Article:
The 5th Sunday of Easter
First Reading: Acts of the Apostles 6:1-7
Responsorial Psalm: Psalm 33:1-, 4-5, 18-19
Second Reading: 1st Letter of St. Peter 2:4-9
Gospel: According to St. John 14:1-12
At the present time, there are 195 married men in the Diocese of Cleveland who are ordained ministers of the Church. To those outside the Catholic Faith, and even to some within it, this might seem like a strange statement, but since Pope (now Saint) Paul VI issued his document Sacrum Diaconatus Ordinem in 1967, most of us have personally benefited from the restoration of the order of the permanent diaconate, the order to which these men belong. This weekend’s first reading describes the origin and role of these men in that first generation of the Church.
Just as surprising to many as the existence of ordained married men is the revelation that the ancient Church had the same struggles with division that we have today. As the Church spread, She felt growing pains relating to the blending of those with a Greek background into a religion whose Hebrew roots went all the way back to Abraham. The Hellenists, as the Greek speakers were known – from Hellas, the Greek word for Greece – were upset by the fact that in the “equal” distribution of food to the widows in the community, some of the widows were “more equal” than others.
To realize that discrimination existed in the Church even during the time of the Apostles is to realize that part of the human condition, even after baptism, is the tendency to the sin of pride, the need to feel superior to others, often for the pettiest of reasons.
Fortunately, unlike many today who fuel the fire of pride by promoting division among peoples of different ethnic, economic, educational and geographic backgrounds, the Twelve proposed unity through the selection of seven men who are acceptable to all in the community who were to act as deacons or ministers of service. They would perform the day-to-day efforts of Christian charity, thus leaving the Apostles time to focus on the ever-growing task of evangelization.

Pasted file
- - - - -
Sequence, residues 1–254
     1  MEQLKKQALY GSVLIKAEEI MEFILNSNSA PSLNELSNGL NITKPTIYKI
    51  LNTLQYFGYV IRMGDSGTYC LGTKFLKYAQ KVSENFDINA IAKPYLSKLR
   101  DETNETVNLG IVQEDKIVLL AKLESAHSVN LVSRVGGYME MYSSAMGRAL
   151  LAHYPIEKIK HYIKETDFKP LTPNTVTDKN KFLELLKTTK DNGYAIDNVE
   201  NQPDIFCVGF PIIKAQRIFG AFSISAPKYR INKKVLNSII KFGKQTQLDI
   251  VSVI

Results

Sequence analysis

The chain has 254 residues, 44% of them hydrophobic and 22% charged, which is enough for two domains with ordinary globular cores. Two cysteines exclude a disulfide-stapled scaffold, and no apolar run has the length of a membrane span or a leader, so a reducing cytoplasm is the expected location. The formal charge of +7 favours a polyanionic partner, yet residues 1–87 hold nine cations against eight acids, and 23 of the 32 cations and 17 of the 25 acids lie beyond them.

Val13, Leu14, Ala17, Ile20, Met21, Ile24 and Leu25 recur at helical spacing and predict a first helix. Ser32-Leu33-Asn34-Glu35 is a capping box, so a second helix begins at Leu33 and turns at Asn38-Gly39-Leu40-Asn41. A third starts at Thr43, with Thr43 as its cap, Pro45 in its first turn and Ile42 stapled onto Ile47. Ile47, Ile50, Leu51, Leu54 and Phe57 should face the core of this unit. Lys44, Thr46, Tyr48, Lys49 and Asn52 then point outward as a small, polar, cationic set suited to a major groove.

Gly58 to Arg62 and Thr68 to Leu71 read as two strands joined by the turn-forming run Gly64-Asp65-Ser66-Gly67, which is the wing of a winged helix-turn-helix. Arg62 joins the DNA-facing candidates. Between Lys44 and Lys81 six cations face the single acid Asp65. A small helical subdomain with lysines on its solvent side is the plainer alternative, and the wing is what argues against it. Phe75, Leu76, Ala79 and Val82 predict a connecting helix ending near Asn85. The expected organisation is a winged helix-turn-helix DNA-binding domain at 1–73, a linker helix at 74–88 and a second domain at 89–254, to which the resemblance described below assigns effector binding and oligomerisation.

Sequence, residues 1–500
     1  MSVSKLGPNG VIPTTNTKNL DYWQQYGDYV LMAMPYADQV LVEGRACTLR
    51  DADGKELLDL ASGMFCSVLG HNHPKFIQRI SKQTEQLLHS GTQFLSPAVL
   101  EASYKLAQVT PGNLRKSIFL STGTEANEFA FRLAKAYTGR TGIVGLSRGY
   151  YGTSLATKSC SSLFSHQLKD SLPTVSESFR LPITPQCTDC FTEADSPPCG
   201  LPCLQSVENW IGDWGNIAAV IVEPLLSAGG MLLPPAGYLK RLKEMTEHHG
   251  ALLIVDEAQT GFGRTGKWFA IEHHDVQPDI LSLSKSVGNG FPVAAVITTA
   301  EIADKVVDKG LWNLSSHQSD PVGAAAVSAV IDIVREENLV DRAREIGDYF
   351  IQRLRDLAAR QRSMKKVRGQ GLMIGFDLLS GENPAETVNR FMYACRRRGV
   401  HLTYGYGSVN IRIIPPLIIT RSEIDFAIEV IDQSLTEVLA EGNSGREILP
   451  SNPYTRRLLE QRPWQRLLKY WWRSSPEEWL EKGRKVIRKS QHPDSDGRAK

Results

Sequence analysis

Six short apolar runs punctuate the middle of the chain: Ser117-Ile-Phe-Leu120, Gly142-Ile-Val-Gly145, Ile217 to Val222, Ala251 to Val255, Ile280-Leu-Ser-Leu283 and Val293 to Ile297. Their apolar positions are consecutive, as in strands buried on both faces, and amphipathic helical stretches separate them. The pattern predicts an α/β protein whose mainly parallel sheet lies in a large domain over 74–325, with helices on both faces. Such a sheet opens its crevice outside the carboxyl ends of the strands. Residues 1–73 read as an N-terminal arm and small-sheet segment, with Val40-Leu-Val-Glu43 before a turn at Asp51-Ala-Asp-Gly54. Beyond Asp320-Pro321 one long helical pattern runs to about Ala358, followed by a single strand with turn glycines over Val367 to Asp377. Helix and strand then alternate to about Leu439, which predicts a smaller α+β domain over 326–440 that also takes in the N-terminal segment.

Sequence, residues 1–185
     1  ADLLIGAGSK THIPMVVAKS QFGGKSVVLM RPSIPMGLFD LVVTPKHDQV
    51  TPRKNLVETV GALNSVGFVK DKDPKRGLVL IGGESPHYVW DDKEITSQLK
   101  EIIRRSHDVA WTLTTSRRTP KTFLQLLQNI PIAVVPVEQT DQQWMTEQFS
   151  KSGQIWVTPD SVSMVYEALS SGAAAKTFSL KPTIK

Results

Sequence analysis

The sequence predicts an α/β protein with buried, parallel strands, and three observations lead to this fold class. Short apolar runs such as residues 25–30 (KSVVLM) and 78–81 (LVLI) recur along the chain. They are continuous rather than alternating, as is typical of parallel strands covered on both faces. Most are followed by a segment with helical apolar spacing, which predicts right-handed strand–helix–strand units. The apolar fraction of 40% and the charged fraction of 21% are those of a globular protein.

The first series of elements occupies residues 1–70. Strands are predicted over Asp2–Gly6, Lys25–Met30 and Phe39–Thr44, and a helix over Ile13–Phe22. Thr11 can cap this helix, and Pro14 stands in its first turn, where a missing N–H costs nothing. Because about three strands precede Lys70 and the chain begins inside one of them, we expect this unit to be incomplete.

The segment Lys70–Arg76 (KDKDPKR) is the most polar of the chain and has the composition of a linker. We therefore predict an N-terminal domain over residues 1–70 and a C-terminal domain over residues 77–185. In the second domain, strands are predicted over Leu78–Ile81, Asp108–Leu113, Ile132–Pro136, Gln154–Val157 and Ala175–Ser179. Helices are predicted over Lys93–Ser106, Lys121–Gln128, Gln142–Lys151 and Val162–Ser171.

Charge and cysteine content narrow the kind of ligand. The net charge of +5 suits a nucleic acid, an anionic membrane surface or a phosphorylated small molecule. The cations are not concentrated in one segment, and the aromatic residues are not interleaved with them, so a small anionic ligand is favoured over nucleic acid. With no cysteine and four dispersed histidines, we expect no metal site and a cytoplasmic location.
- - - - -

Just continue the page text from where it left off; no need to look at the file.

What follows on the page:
For the most part, those original seven are merely names in a list, but one, Stephen, stands out as one of the most famous saints of that or any era, a man who is universally known as the first martyr. In the intervening years since the stoning of Stephen, the ranks of deacon have included such greats as Sts. Lawrence, Francis of Assisi and Thomas Becket. Today’s permanent deacons carry on an amazing tradition of service to God, His Church and all of the members of the Body of Christ.
Every day around 40,000 permanent deacons serve the global Church in ways that would astonish Stephen and his original six companions. From officiating at baptisms and weddings to visiting the sick and those grieving the loss of a loved one to performing so many other essential tasks, today’s permanent deacons have become an indispensable part of parish life wherever the Gospel has been spread.
May they and their families, whose lives are in many ways sacrificed on behalf of their communities, be blessed today and every day. If you see a deacon after Mass this weekend, please thank him and his family for their work on behalf of your parish. Let us keep them and all deacons in our prayers and pray that their example will inspire other married men within the Church to carry on this important ministry of service for future generations.